St. Pete Beach may bolster turtle nest vigil
An ordinance would help a man's 30-year watch by regulating coastal lighting.
By NICK JOHNSON, Times Staff Writer
Published August 14, 2007
Sea turtles have been making their way onto the shores of St. Pete Beach and laying their eggs under the watchful eyes of one man for about 30 years now.
For as long as many can remember, Bruno Faulkenstein, also known for running the Hurricane Restaurant, has overseen the safe return of the hatchlings to the sea.
He does so with the cooperation of business owners and residents on the beach, whose lights could potentially confuse the hatchlings as they try to make it back into the gulf waters.
Now the city is on the verge of passing an ordinance to make any new buildings on the beach comply with codes that would prohibit lighting that might disorient the turtles.
The ordinance, which comes before the commission for a final reading today, essentially would keep lights from being visible from the beach, or from shining on the area beyond the dunes, and would prevent bonfires or driving directly on the beach.
Existing lighting would have to be brought into compliance by next January, when the city would begin officially enforcing what has previously been done with a handshake.
"This isn't something I have done. This is a cooperation between a whole lot of people who live and own property on the beach," Faulkenstein said. "I have 100 percent cooperation from both businesses and residents."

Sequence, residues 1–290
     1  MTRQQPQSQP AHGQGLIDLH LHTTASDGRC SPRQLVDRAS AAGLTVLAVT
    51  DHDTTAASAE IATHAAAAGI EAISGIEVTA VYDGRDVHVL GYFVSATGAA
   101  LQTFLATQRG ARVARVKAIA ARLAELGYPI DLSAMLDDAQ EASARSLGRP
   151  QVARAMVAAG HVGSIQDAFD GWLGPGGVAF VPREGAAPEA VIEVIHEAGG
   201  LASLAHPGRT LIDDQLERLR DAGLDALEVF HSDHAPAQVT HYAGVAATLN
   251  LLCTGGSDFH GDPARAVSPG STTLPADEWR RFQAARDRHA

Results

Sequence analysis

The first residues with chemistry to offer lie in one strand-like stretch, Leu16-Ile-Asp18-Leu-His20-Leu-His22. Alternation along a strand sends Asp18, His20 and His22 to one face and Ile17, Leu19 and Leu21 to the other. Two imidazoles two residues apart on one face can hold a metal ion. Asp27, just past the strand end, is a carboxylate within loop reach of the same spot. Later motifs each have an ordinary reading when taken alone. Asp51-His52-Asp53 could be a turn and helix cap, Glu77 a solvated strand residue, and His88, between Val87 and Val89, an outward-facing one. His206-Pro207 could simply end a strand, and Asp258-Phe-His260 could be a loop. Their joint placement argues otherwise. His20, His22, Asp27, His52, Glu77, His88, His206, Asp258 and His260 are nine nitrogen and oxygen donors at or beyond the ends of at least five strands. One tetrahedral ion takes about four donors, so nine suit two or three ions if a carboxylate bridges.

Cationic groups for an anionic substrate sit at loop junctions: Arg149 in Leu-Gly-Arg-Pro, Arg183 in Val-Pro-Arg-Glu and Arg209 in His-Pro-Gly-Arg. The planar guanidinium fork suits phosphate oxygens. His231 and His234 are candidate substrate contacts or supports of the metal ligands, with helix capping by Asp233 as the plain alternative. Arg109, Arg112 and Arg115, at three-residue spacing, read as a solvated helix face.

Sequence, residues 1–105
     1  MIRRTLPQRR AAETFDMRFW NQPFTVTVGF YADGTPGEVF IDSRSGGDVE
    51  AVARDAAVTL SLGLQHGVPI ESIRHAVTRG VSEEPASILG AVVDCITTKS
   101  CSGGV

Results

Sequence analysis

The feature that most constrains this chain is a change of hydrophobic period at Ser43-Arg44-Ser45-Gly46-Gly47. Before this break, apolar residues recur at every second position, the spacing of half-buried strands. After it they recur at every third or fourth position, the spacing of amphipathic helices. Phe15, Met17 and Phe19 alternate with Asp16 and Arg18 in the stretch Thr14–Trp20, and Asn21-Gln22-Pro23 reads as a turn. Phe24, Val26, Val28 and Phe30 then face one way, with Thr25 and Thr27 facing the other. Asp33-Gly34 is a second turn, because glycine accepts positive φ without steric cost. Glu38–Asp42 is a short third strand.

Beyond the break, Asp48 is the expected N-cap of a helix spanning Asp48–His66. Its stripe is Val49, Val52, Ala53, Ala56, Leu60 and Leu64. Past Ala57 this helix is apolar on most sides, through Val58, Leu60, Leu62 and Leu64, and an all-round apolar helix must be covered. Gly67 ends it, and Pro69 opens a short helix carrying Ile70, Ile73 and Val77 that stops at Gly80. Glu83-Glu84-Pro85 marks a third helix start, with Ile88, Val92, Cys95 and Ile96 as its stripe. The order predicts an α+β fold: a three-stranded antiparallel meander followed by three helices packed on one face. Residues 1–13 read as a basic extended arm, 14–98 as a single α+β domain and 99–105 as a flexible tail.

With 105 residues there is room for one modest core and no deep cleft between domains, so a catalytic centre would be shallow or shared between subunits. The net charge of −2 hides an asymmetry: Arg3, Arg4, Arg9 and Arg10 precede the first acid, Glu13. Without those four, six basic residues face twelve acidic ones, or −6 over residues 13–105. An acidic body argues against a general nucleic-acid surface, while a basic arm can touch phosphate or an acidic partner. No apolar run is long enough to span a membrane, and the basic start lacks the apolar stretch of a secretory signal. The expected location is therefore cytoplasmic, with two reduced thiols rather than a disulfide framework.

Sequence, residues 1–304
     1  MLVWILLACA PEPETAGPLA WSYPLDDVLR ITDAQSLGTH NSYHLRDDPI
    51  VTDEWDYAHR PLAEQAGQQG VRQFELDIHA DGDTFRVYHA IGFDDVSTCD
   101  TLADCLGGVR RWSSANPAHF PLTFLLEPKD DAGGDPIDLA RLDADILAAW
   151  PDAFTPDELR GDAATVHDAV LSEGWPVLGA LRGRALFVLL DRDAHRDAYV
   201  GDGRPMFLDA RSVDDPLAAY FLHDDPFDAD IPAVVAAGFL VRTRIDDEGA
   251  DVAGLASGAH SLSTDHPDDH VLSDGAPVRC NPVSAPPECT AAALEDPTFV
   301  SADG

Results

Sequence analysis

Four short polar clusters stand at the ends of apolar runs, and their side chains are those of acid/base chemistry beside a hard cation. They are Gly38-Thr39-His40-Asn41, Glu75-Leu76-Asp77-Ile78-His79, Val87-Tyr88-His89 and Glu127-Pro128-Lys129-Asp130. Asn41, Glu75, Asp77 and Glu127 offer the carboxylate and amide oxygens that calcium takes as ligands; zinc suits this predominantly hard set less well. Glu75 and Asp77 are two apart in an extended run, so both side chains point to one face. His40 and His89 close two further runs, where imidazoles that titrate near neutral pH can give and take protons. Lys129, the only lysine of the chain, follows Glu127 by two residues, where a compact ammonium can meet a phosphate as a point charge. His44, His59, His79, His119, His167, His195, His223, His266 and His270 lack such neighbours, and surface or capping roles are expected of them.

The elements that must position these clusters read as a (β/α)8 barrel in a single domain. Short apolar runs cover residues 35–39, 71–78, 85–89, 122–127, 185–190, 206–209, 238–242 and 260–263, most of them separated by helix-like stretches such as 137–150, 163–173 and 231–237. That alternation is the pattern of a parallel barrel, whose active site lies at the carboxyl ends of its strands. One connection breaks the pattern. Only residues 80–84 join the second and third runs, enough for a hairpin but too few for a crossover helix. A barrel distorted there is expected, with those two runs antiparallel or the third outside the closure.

Most every morning before sunrise, Faulkenstein drives his stretch of beach in what looks like an eight-wheeled golf cart. It's a vehicle he bought especially for this purpose after too many Jeeps and SUVs gave in to the punishment of the salty air and sand.
He's glad to know that his efforts will have some official backing, in the event that he is unable to continue being spokesman for the animals. "Lets face it, I'm 60 years old. I don't know if I can do this for another 30 years," he said.
His patrols begin just before nesting season starts in May and continue until just after it ends in November. This year has been his second-slowest ever, with only three nests on St. Pete Beach.
Faulkenstein is licensed by the Florida Fish and Wildlife Conservation Commission to conduct nesting surveys, interact with the protected turtles, and cage or move their nests to protect them.
He has one of only five permits in Pinellas County, most of which are held by individuals who work or volunteer for an organization like the Clearwater Marine Aquarium, who are contracted by the county to cover the beaches from north Clearwater to Pass-a-Grille.
St. Pete Beach is one of the few remaining municipalities without an ordinance.
The state has a model ordinance that it recommends cities adopt but no laws pertaining to coastal lighting. The county doesn't have any jurisdiction either, instead relying on the cooperation of the cities.
Tammy Langer, the director of sea turtle nesting and rehabilitation at the Clearwater Marine Aquarium, expects most of the remaining cities to have an ordinance in place by next year. "Basically all the cities in Pinellas County are going to have one except Clearwater," she said.
St. Pete Beach already has a man on the job, and he shows no sign of stopping.
"Good Lord willing, I'll be doing it until I'm 90," Faulkenstein said.
Nick Johnson can be reached at firstname.lastname@example.org or 893-8361.
[Last modified August 14, 2007, 07:25:18]
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